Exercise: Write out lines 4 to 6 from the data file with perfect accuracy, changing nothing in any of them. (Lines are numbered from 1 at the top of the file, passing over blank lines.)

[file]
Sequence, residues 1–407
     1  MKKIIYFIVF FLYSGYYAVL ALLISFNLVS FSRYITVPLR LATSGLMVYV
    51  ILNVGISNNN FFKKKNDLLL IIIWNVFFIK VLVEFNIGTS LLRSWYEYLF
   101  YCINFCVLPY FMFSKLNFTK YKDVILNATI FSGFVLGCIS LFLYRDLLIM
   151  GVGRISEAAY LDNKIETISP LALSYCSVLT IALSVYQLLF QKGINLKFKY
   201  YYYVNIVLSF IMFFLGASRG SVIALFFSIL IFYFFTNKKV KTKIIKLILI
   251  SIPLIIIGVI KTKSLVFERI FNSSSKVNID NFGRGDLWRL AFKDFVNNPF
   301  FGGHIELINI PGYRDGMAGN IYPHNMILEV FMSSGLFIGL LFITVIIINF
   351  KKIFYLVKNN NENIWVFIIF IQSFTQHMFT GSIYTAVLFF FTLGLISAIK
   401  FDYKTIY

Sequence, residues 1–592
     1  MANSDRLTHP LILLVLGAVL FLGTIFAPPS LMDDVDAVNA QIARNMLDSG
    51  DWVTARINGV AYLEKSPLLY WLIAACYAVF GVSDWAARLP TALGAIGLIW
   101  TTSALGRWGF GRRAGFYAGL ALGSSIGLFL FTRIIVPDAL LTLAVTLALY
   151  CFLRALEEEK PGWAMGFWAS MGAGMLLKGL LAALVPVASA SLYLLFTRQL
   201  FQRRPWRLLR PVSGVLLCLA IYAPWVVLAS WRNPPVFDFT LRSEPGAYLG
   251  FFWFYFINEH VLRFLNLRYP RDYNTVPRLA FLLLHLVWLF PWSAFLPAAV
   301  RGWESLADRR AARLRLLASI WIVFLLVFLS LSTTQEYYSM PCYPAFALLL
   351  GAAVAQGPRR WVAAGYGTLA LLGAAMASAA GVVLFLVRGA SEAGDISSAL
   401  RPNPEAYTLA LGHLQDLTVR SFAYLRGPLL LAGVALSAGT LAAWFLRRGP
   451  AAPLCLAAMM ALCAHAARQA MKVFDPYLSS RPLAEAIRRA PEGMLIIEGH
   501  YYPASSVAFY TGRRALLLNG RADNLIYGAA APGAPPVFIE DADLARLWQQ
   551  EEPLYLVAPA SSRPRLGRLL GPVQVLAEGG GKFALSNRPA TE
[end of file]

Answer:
   101  YCINFCVLPY FMFSKLNFTK YKDVILNATI FSGFVLGCIS LFLYRDLLIM
   151  GVGRISEAAY LDNKIETISP LALSYCSVLT IALSVYQLLF QKGINLKFKY
   201  YYYVNIVLSF IMFFLGASRG SVIALFFSIL IFYFFTNKKV KTKIIKLILI